Monday, September 21, 2009
Ballybunnion and the Cliffs of Moher
On our last day in Ireland we headed north from Tralee. Out in the middle of a wheat field is the magnificant Rattoo Round Tower built around 1100. It is exceptionally well preserved although the roof was restored in about 1870 to repair lightning strike damage over the centuries.
This is an abbey on the same site built around 1200.
There is a church ruins dating to the 15th century and graveyard next to the tower. During the 19th century roof repair a Sheela-na-gig was discovered inside the tower. If you don't want to be shocked by the somewhat x-rated depictions and descriptions of a Sheela-na-gig then don't click on the attached link.
Now that you are well versed in Sheela-na-gig we can move on.
From the Round Tower we headed to Ballybunnion. This seaside town has its own cliffs and beach. They also have a surfing school there. The students weren't very good and I got tired of waiting for one to catch a wave in front of the cliffs so I gave up.
The waves have undercut the shore line in a few places and created these holes.
Here are Bob, Sue, Mary Frances, Margot and I in Ballybunnion. Once we completed our cliff walk we said goodbye to M.F. and Dana and thanked them for being such wonderful hosts during our time in Ireland. They headed back to their normal life in Tralee and we headed toward County Clare and the Cliffs of Moher.
We took this ferry across the Shannon River estuary from Tarbert.
It was a nice day for sailing or almost any pursuit.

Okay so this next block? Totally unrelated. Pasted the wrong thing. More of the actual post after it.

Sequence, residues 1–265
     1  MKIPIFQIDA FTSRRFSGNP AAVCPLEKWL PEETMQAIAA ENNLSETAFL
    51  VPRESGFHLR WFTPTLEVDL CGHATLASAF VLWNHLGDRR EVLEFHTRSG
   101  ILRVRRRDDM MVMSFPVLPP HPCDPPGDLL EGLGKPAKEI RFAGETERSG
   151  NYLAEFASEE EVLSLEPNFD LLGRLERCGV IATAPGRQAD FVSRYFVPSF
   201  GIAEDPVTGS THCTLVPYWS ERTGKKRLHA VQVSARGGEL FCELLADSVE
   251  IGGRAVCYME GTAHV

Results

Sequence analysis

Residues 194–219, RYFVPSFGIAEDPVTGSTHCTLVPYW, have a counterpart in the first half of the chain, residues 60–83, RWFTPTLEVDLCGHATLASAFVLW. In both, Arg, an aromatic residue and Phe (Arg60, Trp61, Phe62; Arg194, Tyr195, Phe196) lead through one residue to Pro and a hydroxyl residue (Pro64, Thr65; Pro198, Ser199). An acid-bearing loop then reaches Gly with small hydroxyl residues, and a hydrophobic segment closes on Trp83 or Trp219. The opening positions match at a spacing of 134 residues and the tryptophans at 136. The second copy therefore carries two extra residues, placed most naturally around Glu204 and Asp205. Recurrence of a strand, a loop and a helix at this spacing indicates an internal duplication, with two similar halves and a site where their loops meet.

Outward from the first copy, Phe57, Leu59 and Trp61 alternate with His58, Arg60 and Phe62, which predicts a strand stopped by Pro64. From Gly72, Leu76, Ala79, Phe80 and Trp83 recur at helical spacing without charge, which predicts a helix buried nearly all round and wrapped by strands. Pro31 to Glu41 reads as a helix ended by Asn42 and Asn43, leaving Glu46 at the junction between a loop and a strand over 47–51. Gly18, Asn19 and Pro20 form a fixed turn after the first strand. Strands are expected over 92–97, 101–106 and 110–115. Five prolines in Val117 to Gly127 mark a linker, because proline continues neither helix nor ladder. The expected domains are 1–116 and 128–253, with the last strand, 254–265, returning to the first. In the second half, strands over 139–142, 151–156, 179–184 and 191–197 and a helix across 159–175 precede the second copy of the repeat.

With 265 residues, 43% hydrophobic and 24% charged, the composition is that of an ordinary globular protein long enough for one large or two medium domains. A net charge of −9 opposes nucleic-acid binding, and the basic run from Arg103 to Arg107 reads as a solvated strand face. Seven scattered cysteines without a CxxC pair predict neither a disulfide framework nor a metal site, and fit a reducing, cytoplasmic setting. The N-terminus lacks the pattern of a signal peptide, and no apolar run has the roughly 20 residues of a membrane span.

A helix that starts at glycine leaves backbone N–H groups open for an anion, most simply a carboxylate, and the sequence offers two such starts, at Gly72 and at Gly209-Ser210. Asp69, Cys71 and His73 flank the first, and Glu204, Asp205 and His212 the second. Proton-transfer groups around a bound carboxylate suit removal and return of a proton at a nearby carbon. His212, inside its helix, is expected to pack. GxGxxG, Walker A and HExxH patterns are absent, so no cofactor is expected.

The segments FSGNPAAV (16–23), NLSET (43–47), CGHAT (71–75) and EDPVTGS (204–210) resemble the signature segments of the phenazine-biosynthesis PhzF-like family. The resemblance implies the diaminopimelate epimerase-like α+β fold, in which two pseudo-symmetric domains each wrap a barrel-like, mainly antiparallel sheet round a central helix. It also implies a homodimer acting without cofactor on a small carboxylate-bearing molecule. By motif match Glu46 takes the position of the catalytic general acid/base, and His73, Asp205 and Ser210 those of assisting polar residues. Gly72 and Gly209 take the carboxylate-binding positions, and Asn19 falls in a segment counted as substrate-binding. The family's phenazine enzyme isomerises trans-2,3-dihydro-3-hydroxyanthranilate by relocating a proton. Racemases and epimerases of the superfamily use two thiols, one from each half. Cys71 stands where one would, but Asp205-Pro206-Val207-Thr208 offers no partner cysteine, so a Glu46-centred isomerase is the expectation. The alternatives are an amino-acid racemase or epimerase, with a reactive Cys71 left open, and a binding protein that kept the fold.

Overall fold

These cattle were grazing along the river in front of a church ruin and graveyard. My guess is that the scenery is lost on them. They seem to have their heads down all the time.
I think the name of this town is Kilrush. We stopped for lunch here.
This is the inside of the pub we chose for lunch. The decor hasn't changed since about 1913 the waiter said. The sheaves of paper hanging in the window are invoices for each barrel of Guinness delivered over some period.
From Kilrush we headed to the Cliffs of Moher. This is allegedly the most visited tourist site in Ireland and I believe it. Think Yellowstone in July. Great hordes of people even a little later in the afternoon after most of the tour buses had left.
It is hard to get a sense of scale but they max out at over 700 ft above the sea.
Here are some cattle grazing next to the park. Some are pretty wooly. Crossed with a sheep?
To get the really good pictures you have to be bold.
Here is a view looking back toward O'Brien's tower. The local landlord built this in 1835 as an observation tower for Victorian era tourists. For perspective, notice the people in the upper right hand corner.
There are a couple of things I won't do for a great photograph and that includes lying down at the cliff's edge and holding my camera out over the edge!
After we left the cliffs we headed toward Doolin. We think this tower may have been converted into a B&B. How cool would that be? From here we headed toward Shannon in anticipation of our early morning flight.